A student glances quickly around before secretly texting a classmate. Holding the phone just out of sight of her professor, her attention turns to the keypad on her blackberry. The message is sent. She looks quickly up and feigns interest.
Her classmate sees the text pop up on his iPhone. He glances around. Holding the phone under his desk, he reads the text and chuckles at the comment. He types a quick reply. His head straightens and he begins nodding, pretending that he is following the discussion at hand.
Why do students feel the urge to text, tweet, email and surf the Internet during class? Are they multitasking? Are they talking about the class? Or are they just plain bored?
On Monday, March 7th, 2011 at 12:30 pm (Eastern) Dr. John A. McArthur will lead the weekly #SMCEDU Twitter chat on this topic. Issues discussed will surround:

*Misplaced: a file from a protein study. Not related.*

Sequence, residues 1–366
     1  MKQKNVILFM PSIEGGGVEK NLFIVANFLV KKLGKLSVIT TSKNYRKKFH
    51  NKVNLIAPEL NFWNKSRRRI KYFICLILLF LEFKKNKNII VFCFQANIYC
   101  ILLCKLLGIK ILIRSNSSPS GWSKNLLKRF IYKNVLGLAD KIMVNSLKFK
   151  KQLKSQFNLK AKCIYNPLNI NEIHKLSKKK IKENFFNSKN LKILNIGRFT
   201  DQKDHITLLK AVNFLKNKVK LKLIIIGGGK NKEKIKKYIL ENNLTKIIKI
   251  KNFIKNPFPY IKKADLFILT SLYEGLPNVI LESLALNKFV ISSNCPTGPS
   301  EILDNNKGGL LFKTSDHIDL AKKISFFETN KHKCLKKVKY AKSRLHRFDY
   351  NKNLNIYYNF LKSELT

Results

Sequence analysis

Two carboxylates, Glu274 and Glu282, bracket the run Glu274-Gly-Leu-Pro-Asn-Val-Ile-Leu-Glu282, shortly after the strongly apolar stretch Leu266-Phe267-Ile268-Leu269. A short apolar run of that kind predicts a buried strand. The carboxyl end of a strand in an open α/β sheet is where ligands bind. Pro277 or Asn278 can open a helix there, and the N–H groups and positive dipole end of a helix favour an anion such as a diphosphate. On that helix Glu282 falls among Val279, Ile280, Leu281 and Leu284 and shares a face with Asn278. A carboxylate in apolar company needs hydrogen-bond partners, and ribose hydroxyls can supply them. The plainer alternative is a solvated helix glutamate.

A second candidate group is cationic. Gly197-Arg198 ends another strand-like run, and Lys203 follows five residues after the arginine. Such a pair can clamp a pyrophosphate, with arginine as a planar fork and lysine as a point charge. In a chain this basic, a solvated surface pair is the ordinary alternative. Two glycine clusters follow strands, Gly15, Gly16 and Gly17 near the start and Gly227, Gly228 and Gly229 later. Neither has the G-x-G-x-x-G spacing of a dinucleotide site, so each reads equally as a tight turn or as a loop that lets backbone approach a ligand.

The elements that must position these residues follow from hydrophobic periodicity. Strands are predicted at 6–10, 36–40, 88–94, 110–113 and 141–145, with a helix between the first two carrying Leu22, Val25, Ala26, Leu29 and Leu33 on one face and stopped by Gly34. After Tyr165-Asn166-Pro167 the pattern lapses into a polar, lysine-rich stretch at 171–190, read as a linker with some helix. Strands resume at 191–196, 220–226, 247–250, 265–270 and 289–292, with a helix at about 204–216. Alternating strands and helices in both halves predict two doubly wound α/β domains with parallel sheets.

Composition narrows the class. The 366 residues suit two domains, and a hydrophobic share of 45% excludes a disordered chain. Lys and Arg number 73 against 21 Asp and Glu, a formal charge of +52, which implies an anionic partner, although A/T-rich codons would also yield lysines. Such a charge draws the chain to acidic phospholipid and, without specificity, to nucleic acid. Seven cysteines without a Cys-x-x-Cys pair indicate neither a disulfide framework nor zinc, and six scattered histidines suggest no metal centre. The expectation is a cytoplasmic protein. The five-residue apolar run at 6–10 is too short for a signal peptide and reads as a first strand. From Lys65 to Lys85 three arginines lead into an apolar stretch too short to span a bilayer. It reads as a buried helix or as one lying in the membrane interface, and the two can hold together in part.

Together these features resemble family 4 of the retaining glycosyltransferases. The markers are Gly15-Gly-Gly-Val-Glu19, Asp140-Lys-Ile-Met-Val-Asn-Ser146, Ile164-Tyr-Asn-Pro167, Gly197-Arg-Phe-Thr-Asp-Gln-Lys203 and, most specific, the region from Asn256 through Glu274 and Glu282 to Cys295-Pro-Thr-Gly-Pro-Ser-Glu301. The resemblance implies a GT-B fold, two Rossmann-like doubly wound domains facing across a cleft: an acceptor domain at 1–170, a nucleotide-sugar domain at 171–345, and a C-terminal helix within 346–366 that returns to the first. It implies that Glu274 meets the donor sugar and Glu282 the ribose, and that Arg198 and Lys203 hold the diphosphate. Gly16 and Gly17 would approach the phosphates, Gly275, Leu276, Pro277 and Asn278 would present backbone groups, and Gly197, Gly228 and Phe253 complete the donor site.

- mobile phone technology
- the potential for in-class distraction
- course policies related to mobile use
- ideas for engaging mobile technology in the classroom
- strategies for harnessing the potential benefits of utilizing mobile phones in the classroom
Educators, students, faculty and interested people are invited to join the discussion on Twitter. To participate, follow the hashtag #smcedu on Twitter and include the hashtag in your tweets. All are welcome.
John A. McArthur, Ph.D., is an assistant professor and director of undergraduate programs in the Knight School of Communication at Queens University of Charlotte. He is an active researcher on information design and media, technology, and society. Contact Dr. McArthur at http://jamcarthur.com or on Twitter @JAMcArthur.
Here’s a link to the transcript from the #smcedu chat: